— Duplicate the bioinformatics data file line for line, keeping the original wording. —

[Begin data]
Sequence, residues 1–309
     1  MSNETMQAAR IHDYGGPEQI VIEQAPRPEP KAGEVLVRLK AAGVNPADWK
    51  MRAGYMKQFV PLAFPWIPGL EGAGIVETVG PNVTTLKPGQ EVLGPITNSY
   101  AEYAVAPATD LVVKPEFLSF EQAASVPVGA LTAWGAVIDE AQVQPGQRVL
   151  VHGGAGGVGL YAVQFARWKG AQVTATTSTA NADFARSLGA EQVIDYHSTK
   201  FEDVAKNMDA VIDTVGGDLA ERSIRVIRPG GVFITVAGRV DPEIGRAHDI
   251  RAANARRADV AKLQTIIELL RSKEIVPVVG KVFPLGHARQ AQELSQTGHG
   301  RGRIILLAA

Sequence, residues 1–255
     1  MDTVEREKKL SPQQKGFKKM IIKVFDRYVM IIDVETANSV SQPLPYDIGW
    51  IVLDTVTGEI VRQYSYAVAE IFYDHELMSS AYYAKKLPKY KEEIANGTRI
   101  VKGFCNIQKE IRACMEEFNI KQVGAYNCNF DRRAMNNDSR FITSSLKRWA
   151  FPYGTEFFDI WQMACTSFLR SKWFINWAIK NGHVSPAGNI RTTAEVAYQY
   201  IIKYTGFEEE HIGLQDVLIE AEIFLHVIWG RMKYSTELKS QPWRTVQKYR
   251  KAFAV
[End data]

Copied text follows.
Sequence, residues 1–309
     1  MSNETMQAAR IHDYGGPEQI VIEQAPRPEP KAGEVLVRLK AAGVNPADWK
    51  MRAGYMKQFV PLAFPWIPGL EGAGIVETVG PNVTTLKPGQ EVLGPITNSY
   101  AEYAVAPATD LVVKPEFLSF EQAASVPVGA LTAWGAVIDE AQVQPGQRVL
   151  VHGGAGGVGL YAVQFARWKG AQVTATTSTA NADFARSLGA EQVIDYHSTK
   201  FEDVAKNMDA VIDTVGGDLA ERSIRVIRPG GVFITVAGRV DPEIGRAHDI
   251  RAANARRADV AKLQTIIELL RSKEIVPVVG KVFPLGHARQ AQELSQTGHG
   301  RGRIILLAA

Sequence, residues 1–255
     1  MDTVEREKKL SPQQKGFKKM IIKVFDRYVM IIDVETANSV SQPLPYDIGW
    51  IVLDTVTGEI VRQYSYAVAE IFYDHELMSS AYYAKKLPKY KEEIANGTRI
   101  VKGFCNIQKE IRACMEEFNI KQVGAYNCNF DRRAMNNDSR FITSSLKRWA
   151  FPYGTEFFDI WQMACTSFLR SKWFINWAIK NGHVSPAGNI RTTAEVAYQY
   201  IIKYTGFEEE HIGLQDVLIE AEIFLHVIWG RMKYSTELKS QPWRTVQKYR
   251  KAFAV